Guardicore Centra helps accelerate security migration from an on-premises data center to Azure. Additionally, it supports hybrid clouds and can protect legacy applications for those customers that prefer to keep such applications in their traditional data centers while migrating other applications to Azure. The Guardicore Centra security platform is also among the first cloud and data center micro-segmentation solutions in the market to achieve Microsoft IP Co-Sell status. This designation recognizes that Guardicore has demonstrated proven technology and deep expertise that helps customers achieve their cloud security goals.

“By implementing Guardicore Centra, combined with the range of powerful tools from Microsoft Azure, customers are able to gain the highest level of visibility and implement micro-segmentation for enhanced security. And they can do it faster and more effectively than traditional firewall technology with our simple-to-deploy overlay that can go to the cloud, stay on-premise, or do both at the same time,” said Pavel Gurvich, CEO and cofounder, Guardicore. “Achieving this status demonstrates our commitment to the Microsoft partner ecosystem and our ability to deliver innovative solutions that help forward-thinking enterprise customers to secure their business-critical applications and data quickly, reduce the cost and burden of compliance, and secure cloud adoption.”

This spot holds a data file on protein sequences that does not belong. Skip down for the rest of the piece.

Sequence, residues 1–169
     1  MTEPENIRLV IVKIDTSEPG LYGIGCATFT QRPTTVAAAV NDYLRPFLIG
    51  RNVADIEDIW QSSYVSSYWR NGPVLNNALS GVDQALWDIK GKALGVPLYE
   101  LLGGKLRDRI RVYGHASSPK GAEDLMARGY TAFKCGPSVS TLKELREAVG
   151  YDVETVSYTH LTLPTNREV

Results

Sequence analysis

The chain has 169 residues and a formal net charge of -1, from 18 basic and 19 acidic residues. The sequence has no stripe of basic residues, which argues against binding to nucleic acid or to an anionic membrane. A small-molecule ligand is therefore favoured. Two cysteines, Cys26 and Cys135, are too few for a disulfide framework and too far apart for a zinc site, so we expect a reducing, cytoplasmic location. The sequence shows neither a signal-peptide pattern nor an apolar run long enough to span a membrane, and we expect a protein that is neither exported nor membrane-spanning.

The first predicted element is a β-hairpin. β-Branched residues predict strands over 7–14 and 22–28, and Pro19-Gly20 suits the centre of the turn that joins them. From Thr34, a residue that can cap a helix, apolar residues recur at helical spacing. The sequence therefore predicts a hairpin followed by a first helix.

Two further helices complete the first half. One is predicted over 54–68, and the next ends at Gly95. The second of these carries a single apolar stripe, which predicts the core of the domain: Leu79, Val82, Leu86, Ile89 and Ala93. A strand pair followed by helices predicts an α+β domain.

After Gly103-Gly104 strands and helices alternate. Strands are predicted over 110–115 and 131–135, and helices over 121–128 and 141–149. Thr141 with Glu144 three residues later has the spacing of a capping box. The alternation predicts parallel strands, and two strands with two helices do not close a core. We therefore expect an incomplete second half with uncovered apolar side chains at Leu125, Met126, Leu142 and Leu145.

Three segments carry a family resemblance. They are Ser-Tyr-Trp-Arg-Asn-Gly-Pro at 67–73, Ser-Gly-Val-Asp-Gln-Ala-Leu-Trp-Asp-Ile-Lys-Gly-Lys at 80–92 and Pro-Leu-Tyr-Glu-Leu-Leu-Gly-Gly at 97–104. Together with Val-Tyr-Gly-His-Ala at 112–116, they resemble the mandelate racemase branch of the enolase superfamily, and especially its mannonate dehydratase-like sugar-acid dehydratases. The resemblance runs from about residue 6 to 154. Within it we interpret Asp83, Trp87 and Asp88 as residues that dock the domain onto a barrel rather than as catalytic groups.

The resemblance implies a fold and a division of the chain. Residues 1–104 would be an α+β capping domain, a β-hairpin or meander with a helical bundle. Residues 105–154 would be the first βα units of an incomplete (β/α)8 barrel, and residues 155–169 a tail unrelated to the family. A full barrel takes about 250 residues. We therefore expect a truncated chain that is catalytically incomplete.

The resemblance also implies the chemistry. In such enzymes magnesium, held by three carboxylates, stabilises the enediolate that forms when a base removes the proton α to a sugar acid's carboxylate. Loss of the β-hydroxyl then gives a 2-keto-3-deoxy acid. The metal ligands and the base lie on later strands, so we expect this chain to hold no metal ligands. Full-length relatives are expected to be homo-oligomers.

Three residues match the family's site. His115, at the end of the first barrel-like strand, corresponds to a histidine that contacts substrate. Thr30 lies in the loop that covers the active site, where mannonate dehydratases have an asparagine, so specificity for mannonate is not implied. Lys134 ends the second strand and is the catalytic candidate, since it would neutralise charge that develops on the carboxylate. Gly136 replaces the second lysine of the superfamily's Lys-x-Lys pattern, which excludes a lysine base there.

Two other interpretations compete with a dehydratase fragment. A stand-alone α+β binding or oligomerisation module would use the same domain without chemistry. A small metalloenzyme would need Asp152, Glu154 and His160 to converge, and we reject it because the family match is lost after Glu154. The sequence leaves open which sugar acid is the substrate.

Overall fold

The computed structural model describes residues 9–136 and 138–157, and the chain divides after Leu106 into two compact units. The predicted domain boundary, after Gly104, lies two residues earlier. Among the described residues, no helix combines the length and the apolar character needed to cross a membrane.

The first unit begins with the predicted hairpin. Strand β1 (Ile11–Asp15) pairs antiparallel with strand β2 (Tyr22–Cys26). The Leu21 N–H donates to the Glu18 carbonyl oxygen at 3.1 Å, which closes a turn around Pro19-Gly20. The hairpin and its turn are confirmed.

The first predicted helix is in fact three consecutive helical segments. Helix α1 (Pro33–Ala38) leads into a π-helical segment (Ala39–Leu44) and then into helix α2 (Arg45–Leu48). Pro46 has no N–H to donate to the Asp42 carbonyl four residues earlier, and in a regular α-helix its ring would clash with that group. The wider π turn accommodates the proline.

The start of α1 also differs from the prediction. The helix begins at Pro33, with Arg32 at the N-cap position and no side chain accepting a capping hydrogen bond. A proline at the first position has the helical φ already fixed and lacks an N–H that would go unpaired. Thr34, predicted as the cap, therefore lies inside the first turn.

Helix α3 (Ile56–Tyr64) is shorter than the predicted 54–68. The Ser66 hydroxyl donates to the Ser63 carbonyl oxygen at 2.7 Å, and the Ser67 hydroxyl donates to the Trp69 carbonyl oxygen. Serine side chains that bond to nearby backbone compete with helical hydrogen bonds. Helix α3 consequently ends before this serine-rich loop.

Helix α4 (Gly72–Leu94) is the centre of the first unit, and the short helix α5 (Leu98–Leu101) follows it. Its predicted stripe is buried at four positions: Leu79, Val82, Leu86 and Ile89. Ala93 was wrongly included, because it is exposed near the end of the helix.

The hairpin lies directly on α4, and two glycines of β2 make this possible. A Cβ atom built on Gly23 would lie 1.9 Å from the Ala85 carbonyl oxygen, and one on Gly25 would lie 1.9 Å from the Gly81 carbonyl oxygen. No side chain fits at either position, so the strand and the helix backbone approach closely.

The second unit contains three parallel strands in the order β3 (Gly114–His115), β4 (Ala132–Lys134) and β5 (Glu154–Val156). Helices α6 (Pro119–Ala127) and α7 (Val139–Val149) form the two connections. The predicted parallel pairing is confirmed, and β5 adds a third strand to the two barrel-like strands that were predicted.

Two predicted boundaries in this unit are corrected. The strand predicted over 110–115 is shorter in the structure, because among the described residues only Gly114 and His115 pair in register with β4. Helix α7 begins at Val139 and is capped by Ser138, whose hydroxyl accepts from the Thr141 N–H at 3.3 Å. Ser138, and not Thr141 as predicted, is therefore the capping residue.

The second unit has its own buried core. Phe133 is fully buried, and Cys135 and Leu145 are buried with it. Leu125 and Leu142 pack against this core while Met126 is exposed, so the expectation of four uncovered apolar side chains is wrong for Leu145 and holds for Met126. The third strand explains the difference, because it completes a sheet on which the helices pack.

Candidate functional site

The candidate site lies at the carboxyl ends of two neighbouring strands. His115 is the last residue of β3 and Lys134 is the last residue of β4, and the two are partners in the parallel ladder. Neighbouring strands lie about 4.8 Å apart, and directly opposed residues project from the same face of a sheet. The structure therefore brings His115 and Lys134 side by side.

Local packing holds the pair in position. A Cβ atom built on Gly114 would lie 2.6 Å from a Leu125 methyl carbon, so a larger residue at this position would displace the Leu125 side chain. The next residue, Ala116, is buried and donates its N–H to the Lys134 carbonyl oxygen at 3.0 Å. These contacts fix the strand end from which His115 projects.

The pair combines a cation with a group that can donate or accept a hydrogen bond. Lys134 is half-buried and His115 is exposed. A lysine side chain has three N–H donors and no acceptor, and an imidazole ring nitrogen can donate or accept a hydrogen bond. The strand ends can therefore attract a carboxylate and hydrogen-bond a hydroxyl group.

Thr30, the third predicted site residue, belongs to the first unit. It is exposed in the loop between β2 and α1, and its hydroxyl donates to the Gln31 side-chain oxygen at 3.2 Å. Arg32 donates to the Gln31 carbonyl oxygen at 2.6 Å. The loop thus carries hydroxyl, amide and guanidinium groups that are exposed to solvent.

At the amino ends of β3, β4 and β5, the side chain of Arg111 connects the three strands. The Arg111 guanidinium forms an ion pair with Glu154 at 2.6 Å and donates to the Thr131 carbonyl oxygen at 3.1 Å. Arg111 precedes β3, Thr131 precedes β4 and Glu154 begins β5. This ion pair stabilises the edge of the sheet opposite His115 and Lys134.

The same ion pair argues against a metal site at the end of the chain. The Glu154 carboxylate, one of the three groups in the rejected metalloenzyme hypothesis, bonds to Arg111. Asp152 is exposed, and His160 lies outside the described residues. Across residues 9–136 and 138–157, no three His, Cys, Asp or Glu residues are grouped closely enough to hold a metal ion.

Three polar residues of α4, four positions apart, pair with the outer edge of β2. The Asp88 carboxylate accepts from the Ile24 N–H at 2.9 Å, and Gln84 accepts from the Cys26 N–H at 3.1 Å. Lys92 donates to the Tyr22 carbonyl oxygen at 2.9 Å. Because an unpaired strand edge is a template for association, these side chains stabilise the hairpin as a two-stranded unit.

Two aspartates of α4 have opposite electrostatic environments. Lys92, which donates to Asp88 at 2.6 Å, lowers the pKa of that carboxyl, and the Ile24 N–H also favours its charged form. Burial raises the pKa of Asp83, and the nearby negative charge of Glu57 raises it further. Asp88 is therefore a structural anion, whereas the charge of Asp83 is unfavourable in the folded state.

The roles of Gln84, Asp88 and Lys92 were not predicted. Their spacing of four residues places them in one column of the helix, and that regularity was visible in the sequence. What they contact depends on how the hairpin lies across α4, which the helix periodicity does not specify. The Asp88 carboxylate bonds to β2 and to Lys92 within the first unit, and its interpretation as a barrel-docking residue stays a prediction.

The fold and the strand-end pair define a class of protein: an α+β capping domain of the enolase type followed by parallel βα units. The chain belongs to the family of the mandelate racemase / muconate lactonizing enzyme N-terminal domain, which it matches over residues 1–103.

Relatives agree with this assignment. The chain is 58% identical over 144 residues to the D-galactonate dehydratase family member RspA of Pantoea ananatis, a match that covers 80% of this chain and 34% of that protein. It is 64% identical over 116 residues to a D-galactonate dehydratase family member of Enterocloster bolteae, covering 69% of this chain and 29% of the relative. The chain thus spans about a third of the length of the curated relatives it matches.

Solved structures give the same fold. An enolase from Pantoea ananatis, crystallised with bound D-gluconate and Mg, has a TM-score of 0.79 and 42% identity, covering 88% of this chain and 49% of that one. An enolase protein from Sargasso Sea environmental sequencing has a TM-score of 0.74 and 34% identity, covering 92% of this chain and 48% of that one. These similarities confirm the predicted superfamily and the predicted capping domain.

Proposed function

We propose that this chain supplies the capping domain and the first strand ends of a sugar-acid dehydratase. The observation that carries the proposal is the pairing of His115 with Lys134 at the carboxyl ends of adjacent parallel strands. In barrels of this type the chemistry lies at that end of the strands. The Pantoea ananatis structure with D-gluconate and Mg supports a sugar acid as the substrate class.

Sajan Parihar, Senior Director, Microsoft Azure Platform at Microsoft Corp said, “We’re pleased to welcome Guardicore and the Guardicore Centra security platform to the Microsoft Azure Marketplace, which gives our partners great exposure to cloud customers around the globe. Azure Marketplace offers world-class quality experiences from global trusted partners with solutions tested to work seamlessly with Azure.”

The Azure Marketplace is an online market for buying and selling cloud solutions certified to run on Azure. The Azure Marketplace helps connect companies seeking innovative, cloud-based solutions with partners who have developed solutions that are ready to use.

About Guardicore

Guardicore is a data center and cloud security company that protects your organization’s core assets using flexible, quickly deployed, and easy to understand micro-segmentation controls. Our solutions provide a simpler, faster way to guarantee persistent and consistent security — for any application, in any IT environment. For more information, visit www.guardicore.com.

Trials and Tribulations – A Practical Look at the Challenges of Azure Security Groups and Flow Logs

Cloud Security Groups are the firewalls of the cloud. They are built-in and provide basic access control functionality as part of the shared responsibility model. However, Cloud Security Groups do not provide the same protection or functionality that enterprises have come to expect with on-premises deployments. While Next-Generation firewalls protect and segment applications on premises’ perimeter (mostly), AWS, Azure, and GCP do not mirror this in the cloud. Segmenting applications using Cloud Security Groups is done in a restricted manner, supporting only layer 4 traffic, ports and IPs. This means that to benefit from application-aware security capabilities with your cloud applications you will need an additional set of controls which is not available with the built-in functionality of Cloud Security Groups.